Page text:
Ask the Expert - Anna Mapson, The Gentle Touch
Hi Anna. Tell us a little bit about yourself.
I'm a Nutritional Therapist working with pregnancy, new mums and babies. At The Gentle Touch we support mothers, wherever they are on their journey, through Holistic Sleep Coaching, Nutrition and our parenting classes such as Baby Massage. We have been working in Bristol for the last 7 years and recently took our services online so we can support women across the UK.
As a nutritional therapist I support people to change their diet to drive optimum health. For each person it's a different journey, but I offer functional testing, supplement recommendations as well as dietary advice.
How do our nutritional requirements change during pregnancy?
Pregnancy is the quickest and largest change that can be experienced as part of the human body. Whilst there are several anatomical changes that are obvious to see, for example belly and breast size increasing, there are also hidden changes that aren’t so obvious.
Your diet in pregnancy has been shown to influence a child’s lifelong risk of obesity, cancer, heart disease, Type 2 diabetes, and more. No pressure then!
We need more protein to support growth. An extra 6-10g of protein a day is needed support the growth of your body and the baby. Include eggs, legumes & beans, fish, seeds, nuts throughout the day.
You need to focus on iron rich foods, calcium, omega 3 fats as well as a broad range of minerals and vitamins from diet.
Are there any common myths surrounding nutrition in pregnancy that you can help to debunk?
There are a lot of old sayings about pregnancy, and some are more true than others.
- Eating for two - focus on healthy eating, with a varied and balanced diet to sustain your growth. The second person inside you is very small, and doesn't need much extra food!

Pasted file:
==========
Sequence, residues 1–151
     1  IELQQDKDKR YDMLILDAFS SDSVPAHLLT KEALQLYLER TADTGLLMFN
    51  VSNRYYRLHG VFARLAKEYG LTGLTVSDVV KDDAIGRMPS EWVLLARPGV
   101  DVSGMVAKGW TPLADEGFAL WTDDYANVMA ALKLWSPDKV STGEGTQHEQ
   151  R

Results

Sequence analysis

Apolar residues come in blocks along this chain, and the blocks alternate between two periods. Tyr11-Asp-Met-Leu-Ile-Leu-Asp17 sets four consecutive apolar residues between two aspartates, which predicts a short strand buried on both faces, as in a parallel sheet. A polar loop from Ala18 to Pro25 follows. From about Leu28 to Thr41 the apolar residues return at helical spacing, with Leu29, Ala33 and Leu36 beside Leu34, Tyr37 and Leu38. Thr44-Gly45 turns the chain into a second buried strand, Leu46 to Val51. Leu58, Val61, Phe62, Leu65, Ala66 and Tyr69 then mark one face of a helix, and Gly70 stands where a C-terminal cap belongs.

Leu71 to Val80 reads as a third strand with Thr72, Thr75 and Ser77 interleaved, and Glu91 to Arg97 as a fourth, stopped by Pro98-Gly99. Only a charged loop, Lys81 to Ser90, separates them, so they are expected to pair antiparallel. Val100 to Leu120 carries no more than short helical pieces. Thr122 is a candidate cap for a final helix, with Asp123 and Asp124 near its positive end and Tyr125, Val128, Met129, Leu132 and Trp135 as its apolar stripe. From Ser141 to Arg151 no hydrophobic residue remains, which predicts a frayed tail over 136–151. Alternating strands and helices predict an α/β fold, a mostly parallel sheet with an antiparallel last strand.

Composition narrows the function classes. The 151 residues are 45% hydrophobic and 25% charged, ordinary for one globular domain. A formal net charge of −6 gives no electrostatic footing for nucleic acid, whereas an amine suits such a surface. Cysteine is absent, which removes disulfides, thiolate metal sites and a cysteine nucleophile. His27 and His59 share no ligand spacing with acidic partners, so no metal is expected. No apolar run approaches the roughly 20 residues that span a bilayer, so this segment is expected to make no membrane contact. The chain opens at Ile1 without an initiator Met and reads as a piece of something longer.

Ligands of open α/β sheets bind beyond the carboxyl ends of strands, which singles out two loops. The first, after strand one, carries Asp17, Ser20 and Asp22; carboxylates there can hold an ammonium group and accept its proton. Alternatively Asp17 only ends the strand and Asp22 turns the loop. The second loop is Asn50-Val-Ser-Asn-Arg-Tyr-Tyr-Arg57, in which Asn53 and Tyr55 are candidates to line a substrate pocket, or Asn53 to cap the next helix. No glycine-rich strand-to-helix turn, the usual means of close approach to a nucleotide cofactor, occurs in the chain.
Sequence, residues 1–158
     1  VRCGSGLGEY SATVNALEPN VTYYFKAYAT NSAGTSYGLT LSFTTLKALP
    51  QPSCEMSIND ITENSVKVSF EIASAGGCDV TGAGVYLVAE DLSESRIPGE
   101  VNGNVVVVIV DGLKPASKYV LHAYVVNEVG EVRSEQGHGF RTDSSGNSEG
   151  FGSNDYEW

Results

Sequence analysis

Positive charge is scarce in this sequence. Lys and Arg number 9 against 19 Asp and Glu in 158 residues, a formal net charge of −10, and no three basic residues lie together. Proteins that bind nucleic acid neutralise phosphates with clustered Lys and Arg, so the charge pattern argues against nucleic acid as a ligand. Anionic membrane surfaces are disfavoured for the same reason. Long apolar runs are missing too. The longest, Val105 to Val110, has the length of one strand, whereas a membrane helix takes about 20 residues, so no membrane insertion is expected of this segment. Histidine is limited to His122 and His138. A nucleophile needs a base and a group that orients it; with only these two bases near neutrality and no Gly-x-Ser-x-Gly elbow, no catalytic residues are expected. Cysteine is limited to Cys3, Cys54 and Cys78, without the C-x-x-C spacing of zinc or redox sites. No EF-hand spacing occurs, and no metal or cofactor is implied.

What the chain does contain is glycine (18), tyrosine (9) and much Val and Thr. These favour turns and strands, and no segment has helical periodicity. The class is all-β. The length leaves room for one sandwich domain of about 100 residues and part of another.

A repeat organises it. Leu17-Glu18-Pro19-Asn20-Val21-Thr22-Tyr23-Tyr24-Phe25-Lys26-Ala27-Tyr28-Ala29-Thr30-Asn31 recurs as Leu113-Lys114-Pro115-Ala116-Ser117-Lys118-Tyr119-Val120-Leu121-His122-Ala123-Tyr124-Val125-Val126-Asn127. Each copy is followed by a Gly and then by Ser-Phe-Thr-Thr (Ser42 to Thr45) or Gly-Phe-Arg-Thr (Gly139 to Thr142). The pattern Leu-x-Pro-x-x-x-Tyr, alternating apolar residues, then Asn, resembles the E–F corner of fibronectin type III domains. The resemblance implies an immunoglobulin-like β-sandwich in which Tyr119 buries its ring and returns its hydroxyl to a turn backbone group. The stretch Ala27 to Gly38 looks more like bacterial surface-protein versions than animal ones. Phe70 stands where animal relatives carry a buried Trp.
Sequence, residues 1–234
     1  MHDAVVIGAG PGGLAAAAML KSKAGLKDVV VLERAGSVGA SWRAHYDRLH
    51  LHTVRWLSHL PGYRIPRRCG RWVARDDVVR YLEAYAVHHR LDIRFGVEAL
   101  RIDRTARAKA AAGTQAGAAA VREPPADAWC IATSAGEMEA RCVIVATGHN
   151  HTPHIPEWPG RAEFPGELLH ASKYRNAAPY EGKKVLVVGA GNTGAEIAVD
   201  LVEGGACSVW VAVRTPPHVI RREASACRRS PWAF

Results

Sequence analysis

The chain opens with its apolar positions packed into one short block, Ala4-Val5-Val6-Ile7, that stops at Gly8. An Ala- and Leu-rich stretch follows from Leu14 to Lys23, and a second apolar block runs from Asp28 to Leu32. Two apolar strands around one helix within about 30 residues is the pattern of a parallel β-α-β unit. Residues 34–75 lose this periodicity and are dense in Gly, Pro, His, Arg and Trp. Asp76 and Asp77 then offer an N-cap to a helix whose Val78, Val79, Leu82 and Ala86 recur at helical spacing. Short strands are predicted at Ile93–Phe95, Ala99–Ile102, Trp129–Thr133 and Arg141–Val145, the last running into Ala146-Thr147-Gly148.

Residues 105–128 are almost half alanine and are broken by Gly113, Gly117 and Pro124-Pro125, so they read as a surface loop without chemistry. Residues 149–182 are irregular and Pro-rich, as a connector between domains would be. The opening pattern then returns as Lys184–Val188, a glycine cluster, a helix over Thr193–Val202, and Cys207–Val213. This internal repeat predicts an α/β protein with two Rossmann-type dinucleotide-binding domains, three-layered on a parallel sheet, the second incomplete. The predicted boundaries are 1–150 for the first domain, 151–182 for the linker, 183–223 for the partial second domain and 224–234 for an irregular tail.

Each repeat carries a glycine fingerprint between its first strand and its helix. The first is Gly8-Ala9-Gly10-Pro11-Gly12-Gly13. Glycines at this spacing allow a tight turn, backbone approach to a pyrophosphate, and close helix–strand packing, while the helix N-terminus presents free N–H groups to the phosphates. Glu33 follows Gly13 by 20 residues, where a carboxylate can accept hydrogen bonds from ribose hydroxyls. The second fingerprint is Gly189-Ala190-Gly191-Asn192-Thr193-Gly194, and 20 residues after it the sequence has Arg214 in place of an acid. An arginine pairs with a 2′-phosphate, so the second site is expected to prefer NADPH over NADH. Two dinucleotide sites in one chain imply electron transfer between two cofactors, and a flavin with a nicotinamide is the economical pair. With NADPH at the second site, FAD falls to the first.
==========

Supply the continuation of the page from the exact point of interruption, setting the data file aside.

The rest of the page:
- Women should avoid nuts in pregnancy - there is now research suggesting that nuts can actually support healthy brain development in babies. As long as you're not allergic to nuts there is no reason to avoid them whilst pregnant, and they can be a handy protein rich snack to carry in your bag.
- Avoiding soft boiled eggs - as long as your eggs have the Lion mark on them they can be eaten soft or raw (e.g. mayonnaise).
What is the gut microbiome and why is it important during pregnancy?
In our digestive system there are trillions of microbes that helps us create hormones, vitamins, digest food, as well as interact with our immune system.
Our microbiome changes in response to our environment, diet, weight, and hormones. So it's not surprising that there are also significant changes in the gut microbiome during pregnancy when dramatic weight gain happens, and our immune system changes. Eating a varied diet, full of vegetables, fruits, pulses and whole grains will help to feed the bugs to help the good bugs grow and flourish.
Babies were thought to be born ‘sterile’, but new research is coming out showing there is some transfer of bacteria to your baby during pregnancy. Your baby will be covered in your bacteria during a vaginal birth, or environmental bacteria during a c-section. So keeping your own microbes happy and healthy may support your baby's future health.
What is the most important piece of advice you can give to a pregnant women?
Aim for as much variety in your diet as you can manage, include at least your 5 a day, but also look for a rainbow of colour in your food. This will help provide all the nutrients you need, but also help the growth of your baby. Look for vegetables that are green, purple, orange, yellow and red to get a great spectrum of nutrients.